DuPont display their printed technology. Photo: LOPEC trade show.
You can, for example, record and share the running routes of celebrities with TV channels or fans silver inks, for example, to print fine heating elements on outdoor clothing — a technique used in the outfits of the US team’s at the 2018 Winter Olympics. These new printing materials, under the name of Intexar, can go through up to 100 washing cycles. “There's no question that the potential market [for smart wearables] is huge,” says Hecker. “Now it's important to develop intelligent business models arising and bring together completely new players.” Because the sports market runs in halfyear cycles, for summer and winter, it’s also easy to quickly implement new smart products in this industry, he adds. “The automotive sector or the medical industry are much more conservative be-
cause of complex approval procedures.” In terms of printed electronics, Quah and ATO-gear are, for example, developing a running shoe insole that’s printed with electronics: pressure sensors record the biomechanical movement pattern of the foot from touch down to roll and the data can be transferred to a smartphone via Bluetooth. The idea of real-time performance tracking using sensors on athletes isn’t new, but Tobias Meyer from the sensor specialist IEE suggests taking this even further. You can, for example, “share the running routes of celebrities with TV channels or fans,” he suggests. Ski jackets don’t have a big market in South Africa, but technology such as Schöffel’s Intellitex Heat System could be of benefit to other products sold here: the sensor inside the ski jacket checks the difference between the temperature that the wearer set it at and his body temperature and keeps it adjusted correctly. If it gets too cold, heat is pushed into the carbon nanotubes in the jacket. This is all powered by a normal powerbank. Descente has a similar jacket, but instead of a powerbank it uses removable solar cells that power the ceramic heater that’s integrated in the ski jacket. As a bonus, they can also be used as a powerbank to charge mobile phones. With the rate in which companies are developing the necessary technology the options for ways to incorporate smart technology into wearable devices or clothing are near endless.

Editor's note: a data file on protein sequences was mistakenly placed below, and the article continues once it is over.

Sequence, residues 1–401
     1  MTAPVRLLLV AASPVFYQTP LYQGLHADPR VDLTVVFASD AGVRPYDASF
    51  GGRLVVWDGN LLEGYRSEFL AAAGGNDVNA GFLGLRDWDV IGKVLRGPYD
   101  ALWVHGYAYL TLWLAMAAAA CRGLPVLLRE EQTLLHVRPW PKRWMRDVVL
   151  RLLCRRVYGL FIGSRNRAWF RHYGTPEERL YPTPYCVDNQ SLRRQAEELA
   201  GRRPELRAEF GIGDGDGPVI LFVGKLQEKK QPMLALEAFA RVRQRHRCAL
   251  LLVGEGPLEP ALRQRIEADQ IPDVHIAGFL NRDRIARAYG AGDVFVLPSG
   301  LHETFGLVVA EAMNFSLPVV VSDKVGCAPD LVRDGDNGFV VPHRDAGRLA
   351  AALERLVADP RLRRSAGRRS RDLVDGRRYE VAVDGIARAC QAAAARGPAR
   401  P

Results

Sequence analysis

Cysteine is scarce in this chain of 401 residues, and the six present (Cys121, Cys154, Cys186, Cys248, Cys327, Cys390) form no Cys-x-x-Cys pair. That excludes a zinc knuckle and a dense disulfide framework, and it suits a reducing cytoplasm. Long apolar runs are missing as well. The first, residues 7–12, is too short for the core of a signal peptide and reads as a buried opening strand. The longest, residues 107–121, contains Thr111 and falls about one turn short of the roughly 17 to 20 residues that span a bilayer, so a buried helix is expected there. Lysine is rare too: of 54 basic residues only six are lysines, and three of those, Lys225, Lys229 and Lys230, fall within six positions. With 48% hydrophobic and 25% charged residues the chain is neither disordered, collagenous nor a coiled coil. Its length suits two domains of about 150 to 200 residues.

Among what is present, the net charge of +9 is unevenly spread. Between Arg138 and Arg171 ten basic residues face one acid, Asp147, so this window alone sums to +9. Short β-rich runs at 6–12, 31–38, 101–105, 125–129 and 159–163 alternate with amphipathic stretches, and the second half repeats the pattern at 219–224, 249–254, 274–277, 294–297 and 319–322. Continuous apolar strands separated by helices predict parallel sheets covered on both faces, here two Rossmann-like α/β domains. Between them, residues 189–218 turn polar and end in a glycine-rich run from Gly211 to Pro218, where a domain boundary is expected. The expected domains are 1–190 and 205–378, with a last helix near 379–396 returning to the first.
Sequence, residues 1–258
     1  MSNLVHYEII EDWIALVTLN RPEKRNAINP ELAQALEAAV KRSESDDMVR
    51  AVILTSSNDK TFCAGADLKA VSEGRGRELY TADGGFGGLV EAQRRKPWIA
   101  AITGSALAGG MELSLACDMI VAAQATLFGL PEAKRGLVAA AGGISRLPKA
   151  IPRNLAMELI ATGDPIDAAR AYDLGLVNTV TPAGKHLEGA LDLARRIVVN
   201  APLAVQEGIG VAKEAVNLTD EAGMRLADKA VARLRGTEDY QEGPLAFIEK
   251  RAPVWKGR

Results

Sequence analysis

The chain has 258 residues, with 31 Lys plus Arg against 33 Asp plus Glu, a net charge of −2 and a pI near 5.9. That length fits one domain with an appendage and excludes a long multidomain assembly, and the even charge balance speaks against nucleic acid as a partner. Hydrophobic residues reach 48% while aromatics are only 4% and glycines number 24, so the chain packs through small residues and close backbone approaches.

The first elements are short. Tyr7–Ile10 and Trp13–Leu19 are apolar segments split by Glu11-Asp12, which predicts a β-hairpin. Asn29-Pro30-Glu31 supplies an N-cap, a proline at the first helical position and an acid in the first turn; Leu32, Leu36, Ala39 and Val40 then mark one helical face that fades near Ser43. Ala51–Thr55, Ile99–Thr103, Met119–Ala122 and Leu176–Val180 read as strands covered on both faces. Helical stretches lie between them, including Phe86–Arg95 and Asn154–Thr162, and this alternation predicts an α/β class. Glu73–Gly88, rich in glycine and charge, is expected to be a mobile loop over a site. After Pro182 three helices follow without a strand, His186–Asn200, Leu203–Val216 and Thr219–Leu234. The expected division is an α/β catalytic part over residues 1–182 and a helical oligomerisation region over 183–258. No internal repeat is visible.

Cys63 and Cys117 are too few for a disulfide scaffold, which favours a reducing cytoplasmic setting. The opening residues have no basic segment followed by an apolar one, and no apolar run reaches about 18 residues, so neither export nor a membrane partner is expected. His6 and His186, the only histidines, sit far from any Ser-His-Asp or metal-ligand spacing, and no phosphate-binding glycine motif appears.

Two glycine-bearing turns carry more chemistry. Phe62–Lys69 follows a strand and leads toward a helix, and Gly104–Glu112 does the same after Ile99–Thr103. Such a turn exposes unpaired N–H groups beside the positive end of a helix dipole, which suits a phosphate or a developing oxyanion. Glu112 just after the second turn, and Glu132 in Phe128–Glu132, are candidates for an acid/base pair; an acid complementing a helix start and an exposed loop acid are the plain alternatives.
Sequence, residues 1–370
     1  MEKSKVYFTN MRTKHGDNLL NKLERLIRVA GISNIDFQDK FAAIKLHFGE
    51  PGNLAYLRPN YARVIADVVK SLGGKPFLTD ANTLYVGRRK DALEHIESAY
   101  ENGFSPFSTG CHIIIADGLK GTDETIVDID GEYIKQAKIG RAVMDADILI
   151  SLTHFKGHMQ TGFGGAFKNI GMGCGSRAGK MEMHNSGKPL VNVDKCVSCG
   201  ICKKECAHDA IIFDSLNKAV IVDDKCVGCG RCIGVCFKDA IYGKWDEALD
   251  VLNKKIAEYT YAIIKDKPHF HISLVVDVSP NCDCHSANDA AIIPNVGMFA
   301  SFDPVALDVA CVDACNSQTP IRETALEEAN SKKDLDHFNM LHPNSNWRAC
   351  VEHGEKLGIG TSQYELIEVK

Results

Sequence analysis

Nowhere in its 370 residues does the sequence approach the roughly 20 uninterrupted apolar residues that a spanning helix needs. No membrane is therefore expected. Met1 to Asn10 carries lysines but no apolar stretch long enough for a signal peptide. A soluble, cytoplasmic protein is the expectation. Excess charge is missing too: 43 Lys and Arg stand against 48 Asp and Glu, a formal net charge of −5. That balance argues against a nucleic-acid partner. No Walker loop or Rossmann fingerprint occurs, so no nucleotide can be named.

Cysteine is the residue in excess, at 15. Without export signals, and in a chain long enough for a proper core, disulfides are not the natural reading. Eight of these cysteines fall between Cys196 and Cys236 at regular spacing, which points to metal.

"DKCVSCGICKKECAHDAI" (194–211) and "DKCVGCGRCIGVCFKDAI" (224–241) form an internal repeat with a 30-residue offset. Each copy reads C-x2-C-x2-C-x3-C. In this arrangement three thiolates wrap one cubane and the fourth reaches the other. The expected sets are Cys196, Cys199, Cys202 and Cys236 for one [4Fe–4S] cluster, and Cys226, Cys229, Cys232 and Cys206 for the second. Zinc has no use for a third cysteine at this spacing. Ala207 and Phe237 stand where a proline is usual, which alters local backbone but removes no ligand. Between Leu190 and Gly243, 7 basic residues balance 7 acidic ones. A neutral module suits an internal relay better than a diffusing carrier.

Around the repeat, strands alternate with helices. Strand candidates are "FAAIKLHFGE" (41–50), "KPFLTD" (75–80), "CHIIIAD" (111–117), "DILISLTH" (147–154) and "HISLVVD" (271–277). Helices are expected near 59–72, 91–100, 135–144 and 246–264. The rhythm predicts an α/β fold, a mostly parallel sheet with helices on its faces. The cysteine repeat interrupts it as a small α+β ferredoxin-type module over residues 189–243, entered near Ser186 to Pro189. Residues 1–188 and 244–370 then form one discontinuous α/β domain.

US athletic active- and footwear sales